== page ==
What I if I told you there was an Internet community for Latino and all teens to tell their stories and empower other youth who are battling depression or anxiety? Well, it exists, and that's Project UROK—"You Are Okay" or "You Rock"—is all about! What is Project UROK? Project UROK, a nonprofit created by writer/comedian Jenny Jaffe in 2014 and now part of the Child Mind Institute, aims to help youth and reduce the stigma around mental health. On the program's website, teens can register for a free, anonymous, safe account. Then they can comment on and favorite videos, from comedy sketches to informational videos to podcasts and scripted web series, and access resources for dealing with abuse, suicidal thoughts, alcohol and drug abuse, etc. They can even make their ...

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Suicide Prevention Week: Take Action, Speak Up for Latinos


latino boy stress sad teen

Latinos are a big focus of National Suicide Prevention Week on Sept. 10-16, 2017. Young Latinos are more likely than their peers to attempt suicide. High levels of stress, from discrimination, poverty and bullying, play a big role in this high percentage rate, according to our new Mental Health & Latino Kids Research. What can you do to help raise awareness and prevent suicide in your community? Start by knowing the signs. Here is a few examples of warning signs, according to the Mental Health America of Texas. Feeling hopeless. According to our research, 32.6% of Latino students reported feelings of hopelessness and sadness that continued for more than two weeks and resulted in decreased participation in activities they had previously enjoyed, a study found. ...

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Do Apps Like Instagram Hurt or Help Mental Health among Latinos?


social media

So many people share their lives on social media every day. Instagram has 500 million active monthly users worldwide, including 1 in 3 Latinos. Facebook has nearly 2 billion active monthly users. But questions remain about how social networks impact users' mental health. For example, CNN posted this week: "Instagram worst social media app for young people's mental health." The article cites a survey of 1,500 young people on how social media platforms impact their health, depression, anxiety, self-esteem and body image. The survey indicated Instagram negatively affected body image, sleep patterns, and "FOMO"—the fear of missing out. “Platforms that are supposed to help young people connect with each other may actually be fueling a mental health crisis,” Shirley Cramer ...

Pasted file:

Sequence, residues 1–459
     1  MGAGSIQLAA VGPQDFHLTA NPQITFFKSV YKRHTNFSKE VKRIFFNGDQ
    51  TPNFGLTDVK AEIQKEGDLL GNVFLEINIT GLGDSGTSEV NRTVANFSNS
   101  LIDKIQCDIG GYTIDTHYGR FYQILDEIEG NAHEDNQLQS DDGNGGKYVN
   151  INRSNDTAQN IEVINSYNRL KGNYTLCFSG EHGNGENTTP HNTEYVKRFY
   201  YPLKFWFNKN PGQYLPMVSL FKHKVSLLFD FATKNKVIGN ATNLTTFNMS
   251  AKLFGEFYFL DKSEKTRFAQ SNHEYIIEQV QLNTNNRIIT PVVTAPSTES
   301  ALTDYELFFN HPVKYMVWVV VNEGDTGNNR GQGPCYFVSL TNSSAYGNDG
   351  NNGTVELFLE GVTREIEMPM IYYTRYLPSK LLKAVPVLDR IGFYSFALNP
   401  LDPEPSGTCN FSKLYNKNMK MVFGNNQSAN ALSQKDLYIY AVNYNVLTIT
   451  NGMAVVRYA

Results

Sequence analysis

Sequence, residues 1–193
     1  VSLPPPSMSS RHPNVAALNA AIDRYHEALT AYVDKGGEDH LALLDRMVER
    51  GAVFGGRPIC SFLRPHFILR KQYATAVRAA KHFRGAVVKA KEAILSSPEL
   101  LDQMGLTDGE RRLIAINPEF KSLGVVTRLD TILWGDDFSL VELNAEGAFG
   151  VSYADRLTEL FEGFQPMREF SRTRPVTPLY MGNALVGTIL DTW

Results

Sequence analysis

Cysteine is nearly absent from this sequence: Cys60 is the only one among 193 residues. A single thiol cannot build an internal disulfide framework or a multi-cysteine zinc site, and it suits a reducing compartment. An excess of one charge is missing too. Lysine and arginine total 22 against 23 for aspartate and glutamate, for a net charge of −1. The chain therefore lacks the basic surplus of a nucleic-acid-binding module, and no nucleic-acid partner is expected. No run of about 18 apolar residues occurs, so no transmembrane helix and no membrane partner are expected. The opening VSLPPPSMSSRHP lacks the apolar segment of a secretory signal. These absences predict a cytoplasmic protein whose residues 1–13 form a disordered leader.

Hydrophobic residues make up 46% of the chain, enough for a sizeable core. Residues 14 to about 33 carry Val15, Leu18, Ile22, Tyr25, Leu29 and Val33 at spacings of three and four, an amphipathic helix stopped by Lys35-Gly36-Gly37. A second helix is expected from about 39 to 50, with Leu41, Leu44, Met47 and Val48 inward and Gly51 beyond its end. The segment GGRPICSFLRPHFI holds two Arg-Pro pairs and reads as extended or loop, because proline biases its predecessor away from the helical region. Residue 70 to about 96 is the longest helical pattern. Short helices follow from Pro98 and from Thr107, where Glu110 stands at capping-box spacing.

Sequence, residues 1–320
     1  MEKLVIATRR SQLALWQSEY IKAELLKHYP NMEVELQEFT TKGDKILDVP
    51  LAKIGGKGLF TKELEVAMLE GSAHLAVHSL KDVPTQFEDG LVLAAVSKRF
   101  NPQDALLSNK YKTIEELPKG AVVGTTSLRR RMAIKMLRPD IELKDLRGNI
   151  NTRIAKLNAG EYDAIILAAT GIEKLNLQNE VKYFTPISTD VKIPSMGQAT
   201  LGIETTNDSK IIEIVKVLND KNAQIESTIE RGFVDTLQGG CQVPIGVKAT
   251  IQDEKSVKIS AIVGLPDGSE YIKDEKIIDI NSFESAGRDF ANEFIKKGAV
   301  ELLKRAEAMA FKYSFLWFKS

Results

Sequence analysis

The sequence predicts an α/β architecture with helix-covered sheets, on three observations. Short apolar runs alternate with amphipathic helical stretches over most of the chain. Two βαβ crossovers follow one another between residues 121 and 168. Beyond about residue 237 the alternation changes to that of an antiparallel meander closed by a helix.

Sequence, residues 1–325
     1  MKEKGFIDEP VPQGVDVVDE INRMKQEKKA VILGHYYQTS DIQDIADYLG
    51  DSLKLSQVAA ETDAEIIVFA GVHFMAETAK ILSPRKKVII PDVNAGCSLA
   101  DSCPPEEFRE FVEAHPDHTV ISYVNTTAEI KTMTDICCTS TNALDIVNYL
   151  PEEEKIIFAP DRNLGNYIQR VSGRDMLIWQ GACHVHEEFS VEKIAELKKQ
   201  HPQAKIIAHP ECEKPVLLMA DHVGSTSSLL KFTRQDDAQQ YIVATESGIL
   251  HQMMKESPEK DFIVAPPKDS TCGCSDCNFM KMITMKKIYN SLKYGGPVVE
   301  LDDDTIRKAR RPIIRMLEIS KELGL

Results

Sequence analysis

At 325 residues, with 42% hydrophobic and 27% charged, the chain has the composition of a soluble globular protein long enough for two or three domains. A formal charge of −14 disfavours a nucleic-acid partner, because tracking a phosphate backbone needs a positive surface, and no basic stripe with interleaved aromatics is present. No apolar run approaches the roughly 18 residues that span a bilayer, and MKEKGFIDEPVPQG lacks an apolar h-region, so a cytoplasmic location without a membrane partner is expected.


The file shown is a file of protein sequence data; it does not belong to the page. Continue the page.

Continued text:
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Spanish-Speaking Patients Looking for Someone to Talk To


latino doctor with patient

There is a shortage of mental health professionals in the United States. This situation is more severe for Latino and other minorities, who face barriers of language and culture that can make it hard to seek and get help, Pew Charitable Trusts reports. Take, for instance, Ana Paula Guerrero of Aurora, Ill. Guerrero says it makes it easier and better for her therapy if she doesn't have to translate her emotions from her native Spanish to her adopted English. "When I am talking about certain feelings in Spanish, it's (about) vocabulary and being able to gather the words to express yourself," Guerrero told the Daily Herald of Illinois for a report on language barriers to mental health care. "It's not the feeling itself, but the ability to communicate what you are ...

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Intervention Programs at London School Help Prevent Depression in Girls



A study conducted in London from 2010 to 2011 in a secondary girls-only state school found that the SPARK Resilience Program helped prevent depression and increase self-reported resilience in girls 11-12 years old. The study led by Queen Mary University of London (QMUL) looked at over 400 girls reports on their resilience and depression symptoms throughout the study. The SPARK Resilence Program gave students the tools to identify stressful situations and learn how to control negative behavior reactions. SPARK, the acronym behind the program stands for how children can break down their responses to stressful situations and be taught by teachers to their students using the five components: Situation, Perception, Autopilot, Reaction, and Knowledge. School interventions are a ...